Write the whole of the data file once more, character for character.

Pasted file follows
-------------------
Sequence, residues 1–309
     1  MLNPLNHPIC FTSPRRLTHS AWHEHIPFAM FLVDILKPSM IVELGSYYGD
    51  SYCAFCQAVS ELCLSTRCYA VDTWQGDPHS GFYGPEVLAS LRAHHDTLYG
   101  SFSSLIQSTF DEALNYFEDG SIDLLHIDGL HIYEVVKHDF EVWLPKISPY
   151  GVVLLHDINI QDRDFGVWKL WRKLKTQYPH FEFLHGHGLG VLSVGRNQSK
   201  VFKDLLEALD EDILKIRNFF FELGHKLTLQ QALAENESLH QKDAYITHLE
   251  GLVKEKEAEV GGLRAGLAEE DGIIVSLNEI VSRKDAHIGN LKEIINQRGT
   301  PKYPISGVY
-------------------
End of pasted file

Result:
Sequence, residues 1–309
     1  MLNPLNHPIC FTSPRRLTHS AWHEHIPFAM FLVDILKPSM IVELGSYYGD
    51  SYCAFCQAVS ELCLSTRCYA VDTWQGDPHS GFYGPEVLAS LRAHHDTLYG
   101  SFSSLIQSTF DEALNYFEDG SIDLLHIDGL HIYEVVKHDF EVWLPKISPY
   151  GVVLLHDINI QDRDFGVWKL WRKLKTQYPH FEFLHGHGLG VLSVGRNQSK
   201  VFKDLLEALD EDILKIRNFF FELGHKLTLQ QALAENESLH QKDAYITHLE
   251  GLVKEKEAEV GGLRAGLAEE DGIIVSLNEI VSRKDAHIGN LKEIINQRGT
   301  PKYPISGVY